In the 2021 amateur draft, the Detroit Tigers made a decided push to bolster their pitching pipeline. Five of their first six selections were starting pitchers, power arms all, with Jackson Jobe and Ty Madden leading the way. The system had gotten a little thin in pitching with the graduation of Casey Mize, Tarik Skubal, and Matt Manning. However, the Tigers actually saw some nice progress on the pitching side in 2021, and the pitching depth in the upper minors was bolstered by the return of lefty Joey Wentz from UCL reconstruction.
Now, with former first rounder Alex Faedo due to return from UCL reconstruction this spring, a trade for a nice starting prospect in Reese Olson, and a breakout season from Beau Brieske, the Tigers do have some potentially useful starters in the upper minors. They still need rotation depth, but may be able to get more of internally if their young pitchers can tighten things up a bit. After an up and down season in his return to action last year, it will be Wentz who has the inside track due to his superior command and good changeup. His ceiling isn’t as high as Olson’s, for example, but he’s a lot more likely to be ready to contribute this season. That’s enough to earn him ninth place in our Tigers’ farm system rankings this year.
Joey Wentz is 24, and a Kansas native who was born in Lawrence. Good velocity, advanced pitchability, and a highly projectable 6-foot, 5-inch frame as a southpaw made him an intriguing prep prospect back in 2016. The Atlanta Braves put together a strong signing bonus to convince him to pass on college and selected Wentz in the first competitive balance round, with the 40th overall pick.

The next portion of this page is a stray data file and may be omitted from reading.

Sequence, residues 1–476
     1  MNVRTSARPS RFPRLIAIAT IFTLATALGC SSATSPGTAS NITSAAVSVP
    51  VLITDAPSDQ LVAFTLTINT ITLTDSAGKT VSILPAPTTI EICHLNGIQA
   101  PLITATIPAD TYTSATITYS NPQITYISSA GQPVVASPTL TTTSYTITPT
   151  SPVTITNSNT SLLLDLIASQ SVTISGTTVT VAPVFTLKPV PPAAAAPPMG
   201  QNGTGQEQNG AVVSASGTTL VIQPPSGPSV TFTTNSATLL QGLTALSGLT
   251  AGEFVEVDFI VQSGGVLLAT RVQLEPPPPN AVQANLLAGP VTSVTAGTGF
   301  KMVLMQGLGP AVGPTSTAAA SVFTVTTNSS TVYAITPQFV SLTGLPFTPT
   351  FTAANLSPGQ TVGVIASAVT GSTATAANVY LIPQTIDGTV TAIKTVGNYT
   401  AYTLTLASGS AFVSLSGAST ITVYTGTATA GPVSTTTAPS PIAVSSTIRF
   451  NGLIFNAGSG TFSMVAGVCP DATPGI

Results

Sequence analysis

Unfortunately, the hoped for velocity has never really materialized. Wentz can run it up into the mid-90’s here and there, but he sits in the 90-93 mph band. He dominated his first full year of A-ball in 2017 but injury trouble limited him somewhat in 2018. The Braves moved him to Double-A in 2019 and he was putting together a solid season when the Tigers traded closer Shane Greene for him in July. Wentz came to Erie and promptly seemed to find another gear, dominating over his final five starts with a huge uptick in strikeouts.
Wentz went down for Tommy John surgery during the abbreviated spring training camp in 2020. He returned in 2021, and the Tigers built him up a while in extended spring training before letting him return to game action at the end of May. His early starts were pretty rocky, but by July he was starting to round into form. Wentz still had a few bouts of wildness that made his strikeout-to-walk numbers a little uglier than the reality, but by the end of the season he was pitching with more authority, had the feel for his changeup back, and looked much more in command of everything. Overall it wasn’t great, but returning from UCL surgery naturally takes time and the solid finish was a good sign for the future.